The effect of acute exercise on affect and arousal in inpatient mental health consumers

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Abstract

Acute exercise performed at a self-selected intensity improves affect and may improve long-term adherence. Similarly, in people with severe depression, acute aerobic exercise performed at self-selected intensity improves affect and arousal. However, the relationship between changes in affect and arousal and perceived exercise intensity in people with mental illness has not been evaluated. Affect and arousal were assessed immediately prior to, and immediately following, a group exercise program performed at a self-selected intensity in 40 inpatient mental health consumers who received a diagnosis of anxiety or bipolar or depressive disorders. Exercise intensity was assessed immediately after exercise. Postexercise affect was significantly improved for people with bipolar and depressive disorders but not for people with anxiety disorders. For the group as a whole, results showed a significant curvilinear relationship between ratings of perceived exertion and postexercise affect. These data will inform the development and delivery of future exercise interventions for inpatient mental health consumers.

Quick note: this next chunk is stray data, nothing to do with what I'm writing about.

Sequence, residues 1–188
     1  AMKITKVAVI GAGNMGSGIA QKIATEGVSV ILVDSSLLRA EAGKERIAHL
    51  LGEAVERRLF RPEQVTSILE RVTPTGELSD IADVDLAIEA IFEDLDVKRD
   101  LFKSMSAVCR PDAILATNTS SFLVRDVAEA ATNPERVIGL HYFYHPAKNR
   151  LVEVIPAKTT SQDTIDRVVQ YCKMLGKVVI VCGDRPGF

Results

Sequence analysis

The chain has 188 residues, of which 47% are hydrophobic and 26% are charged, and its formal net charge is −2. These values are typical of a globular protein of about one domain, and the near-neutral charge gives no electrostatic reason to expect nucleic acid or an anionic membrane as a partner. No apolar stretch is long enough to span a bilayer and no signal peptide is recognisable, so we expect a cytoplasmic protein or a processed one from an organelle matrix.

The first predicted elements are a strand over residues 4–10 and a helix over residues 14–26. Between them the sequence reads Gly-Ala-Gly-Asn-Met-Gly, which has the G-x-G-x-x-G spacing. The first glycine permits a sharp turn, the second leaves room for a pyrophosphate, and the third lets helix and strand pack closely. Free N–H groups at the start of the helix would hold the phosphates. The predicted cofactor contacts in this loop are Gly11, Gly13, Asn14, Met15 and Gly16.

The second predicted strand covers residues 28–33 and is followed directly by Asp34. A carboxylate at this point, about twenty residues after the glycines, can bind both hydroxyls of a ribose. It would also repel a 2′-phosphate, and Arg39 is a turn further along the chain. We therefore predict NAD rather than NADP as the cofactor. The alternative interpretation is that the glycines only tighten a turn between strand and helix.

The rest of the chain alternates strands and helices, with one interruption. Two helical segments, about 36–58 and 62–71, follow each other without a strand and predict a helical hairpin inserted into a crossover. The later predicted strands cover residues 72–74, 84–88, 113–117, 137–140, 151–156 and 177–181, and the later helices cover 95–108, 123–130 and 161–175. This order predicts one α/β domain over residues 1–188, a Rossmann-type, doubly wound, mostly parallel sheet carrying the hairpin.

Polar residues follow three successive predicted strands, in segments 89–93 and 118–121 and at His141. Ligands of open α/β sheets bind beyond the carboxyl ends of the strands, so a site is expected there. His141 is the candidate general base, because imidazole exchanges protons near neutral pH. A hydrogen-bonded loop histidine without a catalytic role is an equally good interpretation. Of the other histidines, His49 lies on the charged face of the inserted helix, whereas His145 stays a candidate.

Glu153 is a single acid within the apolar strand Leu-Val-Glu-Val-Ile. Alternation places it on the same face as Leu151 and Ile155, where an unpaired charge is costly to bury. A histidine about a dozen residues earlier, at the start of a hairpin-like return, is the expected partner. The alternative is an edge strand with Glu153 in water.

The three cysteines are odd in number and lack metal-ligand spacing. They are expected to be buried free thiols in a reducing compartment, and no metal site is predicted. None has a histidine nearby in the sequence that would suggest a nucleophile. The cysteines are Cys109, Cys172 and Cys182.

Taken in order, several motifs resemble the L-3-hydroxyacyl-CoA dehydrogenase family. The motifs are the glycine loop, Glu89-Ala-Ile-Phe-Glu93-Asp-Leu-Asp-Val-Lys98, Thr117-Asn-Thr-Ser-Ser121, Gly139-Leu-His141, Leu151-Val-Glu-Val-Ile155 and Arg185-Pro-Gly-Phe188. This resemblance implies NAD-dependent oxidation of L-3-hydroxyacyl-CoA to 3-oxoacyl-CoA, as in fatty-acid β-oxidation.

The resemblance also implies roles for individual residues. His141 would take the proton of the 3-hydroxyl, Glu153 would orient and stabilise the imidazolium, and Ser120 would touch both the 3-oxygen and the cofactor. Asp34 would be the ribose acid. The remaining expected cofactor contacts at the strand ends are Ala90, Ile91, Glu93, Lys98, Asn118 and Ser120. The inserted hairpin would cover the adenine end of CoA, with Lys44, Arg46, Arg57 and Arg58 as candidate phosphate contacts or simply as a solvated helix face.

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Stanton, R., Reaburn, P., & Happell, B. (2016). The effect of acute exercise on affect and arousal in inpatient mental health consumers. Journal of Nervous and Mental Disease, 204(9), 658–664. https://doi.org/10.1097/NMD.0000000000000510

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